Specific landscaping ideas work well with particular house styles and colors, whereas other types of greens and flowers might seem out of place next to certain homes. For instance, asters, daisies, lily of the valley, and peonies are all common in English gardens, so they may seem a bit quaint outside a modern home with square, clean lines. Roses are very traditional and often work well outside a brick home, except red roses might blend in with red brick and virtually disappear!
Try to match your home style with the plants and flowers you choose; a few minimal ferns or a Japanese maple tree can be an excellent option for a modern home, while lavender bushes can add charm to a cottage house. Use white and yellow flowers outside a red home, and dark green shrubbery species along with yellow, red, or purple flowers outside a white house.
Adding some greens and flowers next to a home is an excellent choice for bringing color and style to your property, but you might also add a focal point in the space. This focal point can be a tree you plant in the middle of the yard, or a bench around which you add more flowers and shrubbery.
A focal point can add personality to your property, but it can also work to break up "dead" spaces, meaning areas of the yard that seem dull and bland and without much function. A dead space might include a far corner of your backyard, or an empty spot of your front yard near the sidewalk, where there isn't much visual interest. Plant a landscaping tree and add some stacks of paver stones around it, or choose a fun piece you can place in the yard, such as an old wheelbarrow or washtub, and fill it with flowers, for a bit of color and unique touch in these spaces.
Placing flowers and greenery very close together can create a lush, full look for your landscaping ideas, but adding too much greenery in a small space, or not adding space between all your plants and flowers, can mean a crowded and unplanned look. The larger the plants, the more area you might add between them, with shrubbery and hedges being the only exception.
It's also good to allow some space for adding mulch or landscaping rocks around your plantings. Mulch keeps the ground well-watered and healthy, and stones can add texture and depth to your plant beds. Rocks can also break up the look of your flowers and greens, creating a contrast between these features and your property's lawn.
If you need to add privacy between you and your neighbors, consider adding a row of tall boxwood hedges or hydrangeas, lilacs, and other such thick shrubberies along the border of your yard. These greens can create a beautiful wall around your space and also block out sound. If you're concerned about home security, add shrubs or flowers with prickly thorns under the house's first-floor windows, to keep intruders from hiding in those spaces.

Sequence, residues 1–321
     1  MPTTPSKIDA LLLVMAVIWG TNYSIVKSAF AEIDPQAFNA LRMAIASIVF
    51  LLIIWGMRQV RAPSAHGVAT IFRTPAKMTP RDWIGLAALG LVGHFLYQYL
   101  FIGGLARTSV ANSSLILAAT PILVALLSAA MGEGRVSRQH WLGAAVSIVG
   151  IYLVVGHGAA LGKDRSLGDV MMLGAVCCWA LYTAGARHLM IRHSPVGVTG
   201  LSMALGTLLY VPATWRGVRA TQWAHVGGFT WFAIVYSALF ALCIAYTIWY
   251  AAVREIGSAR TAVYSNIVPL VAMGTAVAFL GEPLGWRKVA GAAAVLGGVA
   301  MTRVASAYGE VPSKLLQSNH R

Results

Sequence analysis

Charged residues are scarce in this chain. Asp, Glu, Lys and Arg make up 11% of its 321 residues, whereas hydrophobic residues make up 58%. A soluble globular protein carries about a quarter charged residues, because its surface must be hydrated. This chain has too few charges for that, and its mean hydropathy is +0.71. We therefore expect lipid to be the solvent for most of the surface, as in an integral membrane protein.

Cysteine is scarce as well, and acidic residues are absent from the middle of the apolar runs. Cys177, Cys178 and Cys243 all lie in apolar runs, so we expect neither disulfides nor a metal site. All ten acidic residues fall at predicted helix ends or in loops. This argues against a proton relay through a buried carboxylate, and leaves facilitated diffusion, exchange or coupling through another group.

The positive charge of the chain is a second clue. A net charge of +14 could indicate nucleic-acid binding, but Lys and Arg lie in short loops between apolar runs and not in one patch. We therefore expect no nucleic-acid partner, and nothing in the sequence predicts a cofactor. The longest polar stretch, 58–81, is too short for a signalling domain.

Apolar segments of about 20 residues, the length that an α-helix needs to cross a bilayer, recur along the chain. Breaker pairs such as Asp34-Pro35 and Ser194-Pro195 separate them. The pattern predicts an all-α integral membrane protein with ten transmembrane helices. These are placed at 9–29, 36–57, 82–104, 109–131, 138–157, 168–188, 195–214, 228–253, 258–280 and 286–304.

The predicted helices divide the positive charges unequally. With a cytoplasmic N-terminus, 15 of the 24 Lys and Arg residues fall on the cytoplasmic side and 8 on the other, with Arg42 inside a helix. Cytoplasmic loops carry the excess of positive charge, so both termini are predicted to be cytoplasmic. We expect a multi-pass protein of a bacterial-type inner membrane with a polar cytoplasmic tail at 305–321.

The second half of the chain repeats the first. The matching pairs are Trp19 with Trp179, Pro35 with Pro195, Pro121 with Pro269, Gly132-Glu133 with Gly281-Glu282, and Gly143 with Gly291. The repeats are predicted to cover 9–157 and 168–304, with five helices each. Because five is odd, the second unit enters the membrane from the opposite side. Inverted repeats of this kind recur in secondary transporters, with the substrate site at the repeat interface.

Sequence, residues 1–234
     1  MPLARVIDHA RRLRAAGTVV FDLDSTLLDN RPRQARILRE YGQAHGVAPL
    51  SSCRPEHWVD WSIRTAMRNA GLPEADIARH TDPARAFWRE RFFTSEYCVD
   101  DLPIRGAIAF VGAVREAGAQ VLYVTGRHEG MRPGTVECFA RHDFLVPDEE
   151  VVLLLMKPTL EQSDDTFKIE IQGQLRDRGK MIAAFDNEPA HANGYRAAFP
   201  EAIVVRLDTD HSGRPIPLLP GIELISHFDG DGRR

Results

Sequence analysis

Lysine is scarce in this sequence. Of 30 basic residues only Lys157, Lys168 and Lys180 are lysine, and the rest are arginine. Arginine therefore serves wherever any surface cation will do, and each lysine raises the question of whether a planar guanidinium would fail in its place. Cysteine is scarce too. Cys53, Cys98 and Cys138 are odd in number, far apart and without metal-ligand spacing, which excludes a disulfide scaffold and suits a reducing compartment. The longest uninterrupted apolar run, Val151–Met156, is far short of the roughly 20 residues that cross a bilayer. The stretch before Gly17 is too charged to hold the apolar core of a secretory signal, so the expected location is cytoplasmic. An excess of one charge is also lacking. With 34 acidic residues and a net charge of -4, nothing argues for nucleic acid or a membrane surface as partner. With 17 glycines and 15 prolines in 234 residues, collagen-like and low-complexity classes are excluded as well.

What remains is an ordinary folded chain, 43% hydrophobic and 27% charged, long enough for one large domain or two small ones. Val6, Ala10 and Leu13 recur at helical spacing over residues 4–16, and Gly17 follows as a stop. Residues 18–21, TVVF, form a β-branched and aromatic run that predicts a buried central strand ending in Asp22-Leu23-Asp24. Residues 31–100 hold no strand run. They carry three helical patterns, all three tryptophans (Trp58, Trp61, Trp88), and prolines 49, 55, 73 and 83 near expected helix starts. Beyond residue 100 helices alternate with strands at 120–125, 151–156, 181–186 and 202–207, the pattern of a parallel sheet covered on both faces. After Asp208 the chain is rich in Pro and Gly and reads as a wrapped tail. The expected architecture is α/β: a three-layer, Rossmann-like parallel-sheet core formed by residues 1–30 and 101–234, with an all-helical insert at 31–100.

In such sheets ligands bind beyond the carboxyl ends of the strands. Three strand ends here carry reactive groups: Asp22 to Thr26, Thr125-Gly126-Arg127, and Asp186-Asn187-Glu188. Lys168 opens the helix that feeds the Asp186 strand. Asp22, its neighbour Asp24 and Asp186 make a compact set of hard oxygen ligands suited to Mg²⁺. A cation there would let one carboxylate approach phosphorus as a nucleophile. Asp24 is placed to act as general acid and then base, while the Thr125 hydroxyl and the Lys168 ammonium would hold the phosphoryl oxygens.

Yards with drainage issues might benefit from river reeds, as these plants absorb water and keep it contained in one particular area of the lawn. If you notice an unpleasant odor outside your home, such as from a nearby production facility, dog park, algae-covered lake, and the like, plant lots of fresh-smelling flowers and bushes, such as lilac, sage, thyme, lemongrass, and lavender.
Even if you have some favorite flowers you want to plant in your new space and have chosen a landscape design you'll follow for your plants and flowers, it's still good to work with a local professional landscaper. He or she can check the drainage of your property and note if your plants would cause soil erosion, or if those plants would hold too much moisture in the soil. A landscaper can also ensure that your property is adequately watered, to support your new flowers and shrubs.
A professional can also find you the best landscape supply company or provide you with the proper tools you need to maintain your lawn and landscaping features. Using the right tools for the job can make planting and keeping your shrubs and flowers much easier, and also ensure that you don't tear up your property's grass or damage your household tools for the work you'll be doing. Working with a landscaper can then ensure that your new exterior features are always healthy and lush and that you enjoy your new home and outdoor space.